Before the days of autumn fall from the calendar like leaves from a cottonwood tree, there will be hundreds of church dinners served across North America.

Church basements will glow in the darkness, and cars will fill the dusty parking lot.

Inside, the cheeks of the women will be flushed from the heat of the ovens and pots steaming on the stove. They will all wear aprons.

Children will be pressed into service to pour red Kool-aid and clear the tables. Men will lift the heavy roasters over to the serving tables and set up and take down the chairs and tables.

Before anything else, the basement is cleaned to a fare thee well, the floors waxed and polished and the tables wiped fresh. Underneath the good smell of dinner, is the smell of clean like grandma's house.

These dinners are woven into the social fabric of the plains, like the patterns of harvested fields are woven into the landscape tapestry.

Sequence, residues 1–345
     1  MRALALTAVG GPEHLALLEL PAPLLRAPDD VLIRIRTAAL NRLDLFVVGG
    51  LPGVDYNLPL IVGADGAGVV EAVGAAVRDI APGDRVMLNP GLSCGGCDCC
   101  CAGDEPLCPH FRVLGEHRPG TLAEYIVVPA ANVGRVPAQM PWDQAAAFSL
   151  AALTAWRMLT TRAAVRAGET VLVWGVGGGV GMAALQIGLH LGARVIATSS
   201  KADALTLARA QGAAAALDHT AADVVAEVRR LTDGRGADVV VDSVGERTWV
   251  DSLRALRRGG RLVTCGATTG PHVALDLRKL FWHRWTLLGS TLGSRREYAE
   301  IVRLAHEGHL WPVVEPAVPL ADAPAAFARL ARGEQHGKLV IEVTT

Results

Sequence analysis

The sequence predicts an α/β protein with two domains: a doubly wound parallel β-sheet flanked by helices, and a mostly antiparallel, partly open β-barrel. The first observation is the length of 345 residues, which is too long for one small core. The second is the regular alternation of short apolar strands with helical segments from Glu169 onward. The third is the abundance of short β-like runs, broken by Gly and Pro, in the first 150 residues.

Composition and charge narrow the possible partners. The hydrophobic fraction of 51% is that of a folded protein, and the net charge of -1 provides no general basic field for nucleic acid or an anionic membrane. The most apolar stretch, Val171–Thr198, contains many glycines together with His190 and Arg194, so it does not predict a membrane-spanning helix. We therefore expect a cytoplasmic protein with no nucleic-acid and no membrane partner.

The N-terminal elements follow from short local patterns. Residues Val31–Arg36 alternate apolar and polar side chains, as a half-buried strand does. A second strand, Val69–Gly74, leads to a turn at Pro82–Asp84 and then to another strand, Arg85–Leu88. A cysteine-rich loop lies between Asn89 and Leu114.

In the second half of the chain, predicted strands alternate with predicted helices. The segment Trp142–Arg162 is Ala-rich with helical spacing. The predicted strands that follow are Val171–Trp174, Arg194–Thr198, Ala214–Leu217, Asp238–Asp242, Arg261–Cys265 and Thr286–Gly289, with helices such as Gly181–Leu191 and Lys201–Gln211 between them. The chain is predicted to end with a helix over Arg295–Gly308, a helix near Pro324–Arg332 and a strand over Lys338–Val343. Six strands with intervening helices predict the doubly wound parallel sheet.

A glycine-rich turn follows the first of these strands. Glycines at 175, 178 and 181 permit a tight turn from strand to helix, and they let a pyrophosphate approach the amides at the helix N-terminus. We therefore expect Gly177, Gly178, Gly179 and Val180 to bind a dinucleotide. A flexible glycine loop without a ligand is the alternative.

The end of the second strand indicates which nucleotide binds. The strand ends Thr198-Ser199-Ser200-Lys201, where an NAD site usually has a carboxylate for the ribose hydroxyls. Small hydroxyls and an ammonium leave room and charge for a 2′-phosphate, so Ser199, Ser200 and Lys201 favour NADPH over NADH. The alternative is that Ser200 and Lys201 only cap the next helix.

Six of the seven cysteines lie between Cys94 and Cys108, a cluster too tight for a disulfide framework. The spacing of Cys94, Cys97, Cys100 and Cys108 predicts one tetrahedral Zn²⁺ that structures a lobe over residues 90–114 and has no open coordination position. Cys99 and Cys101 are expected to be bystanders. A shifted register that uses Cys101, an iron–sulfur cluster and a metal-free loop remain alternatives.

A church with a reputation for a good meal will serve a number much larger than its own congregation.

It's like having company for dinner, a lot of company. St. Mary's serves nearly 900.

Daniel Bauer and LaVern Hale drove down from Bismarck, on the recommendation of friends.

"It's the most beautiful church I've seen," Bauer said. He said the food ranked right up there, too.

Neighbors who don't church together will eat together, and the money they pay for the meal goes toward operating the church.

The meal brings everyone together, and no one who wants to help is left out.

At St. Mary's, most of the people who go to Mass have gray hair.

There are few young families left in the parish and an increasingly smaller, and older, number are left to care for the gorgeous, neo-classical church with 110 angels, stained glass and intricate detailing on the walls and arched ceiling.